Matsumoto does not have four seasons. Here in the lofty plains of Shinshu, there are about a dozen sweet, juicy, overlapping seasons. The calendar says it’s Fall, but according to the people who work the farms and fields we are, right now, smack in the middle of apple season.
It’s a long season too, with certain varieties ripening while the rice fields are only beginning to turn from green to gold. This past August I was cycling through Yamagata-mura, a sloping village beneath the mountain west and a little south of town, when I came upon a woman in an orchard picking apples.
I watched from the edge of the road as she filled the basket hanging from her shoulder. When she began placing them one by one in a yellow plastic crate, the kind synonymous with farming in Japan, I called over to her.
“What kind of apples are these?” I asked. “They look delicious!” I wasn’t just being polite. They really did look fantastic. And I while did want to know what kind they were, I was more interested in finding out how they tasted.
The woman walked over to me like I was an old friend. “Shinano Do-ru-cheh,” she said. “Oishii yo!”
“Oishisou ne!” I answered. And with that she reached over, plucked an apple, and handed it to me.
Japanese people are cool like that.
Apples All Over
Nagano ranks second in apple production in Japan behind Aomori, way up at the north end of Honshu. But that’s just a numbers game. Nagano’s apples are as good as you’ll find anywhere – and some will say they’re the best. Starting in August with the Shinano Dolce, one of several apple varieties originating right here in Nagano, different kinds of apples ripen at different times, meaning apple season runs right through November. This in turn means fresh apples for months.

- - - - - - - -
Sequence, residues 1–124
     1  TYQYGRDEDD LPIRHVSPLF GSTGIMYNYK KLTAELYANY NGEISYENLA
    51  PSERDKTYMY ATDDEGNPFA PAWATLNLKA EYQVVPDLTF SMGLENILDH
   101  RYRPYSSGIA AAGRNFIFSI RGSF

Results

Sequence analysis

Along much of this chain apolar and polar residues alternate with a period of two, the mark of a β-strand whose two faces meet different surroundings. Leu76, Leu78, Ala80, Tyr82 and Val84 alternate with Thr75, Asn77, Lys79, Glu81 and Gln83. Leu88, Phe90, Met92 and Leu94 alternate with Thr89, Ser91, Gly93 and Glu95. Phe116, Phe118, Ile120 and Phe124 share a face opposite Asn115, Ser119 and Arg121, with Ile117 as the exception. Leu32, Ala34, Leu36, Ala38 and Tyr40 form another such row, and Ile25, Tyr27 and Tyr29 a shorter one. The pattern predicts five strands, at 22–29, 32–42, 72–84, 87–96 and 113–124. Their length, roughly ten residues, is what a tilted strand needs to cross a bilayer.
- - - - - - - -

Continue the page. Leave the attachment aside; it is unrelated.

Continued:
You’ll find apple orchards all over Matsumoto, but a few areas in particular grow a healthy amount of them: the Okada area, directly north of downtown; Yamabe to the east; and Yamagata-mura to the southwest. And while you can duck into any supermarket and grab a few to try, it’s worth the effort to head directly to the source.
Check out an apple farm, firsthand and up close. Find a farm with an apple stand – they’re usually unmanned – drop a few coins in the box and grab some just-picked fruit. In Yamabe you can stop by the farmer’s market adjacent to the Yamabe Winery for a selection of Matsumoto’s finest.
Getting out to the apple orchards around Matsumoto is, unfortunately, no ten-second feat. You’ll want to rent a bicycle – look for the yellow Hello Cycle rentals in front of the station and in various places around downtown – and point your front wheel toward the outskirts of town. Or you can make it easy on yourself – and enjoy an even more personal experience – by going on an apple-picking excursion. Here in Matsumoto you can grab a guide through Welcome Matsumoto. If you are up around Nagano City you can give Snow Monkey a ring.
It’s mid-November now, and apple season will soon be coming to a close. But that’s okay. It looks like persimmon season is just about here!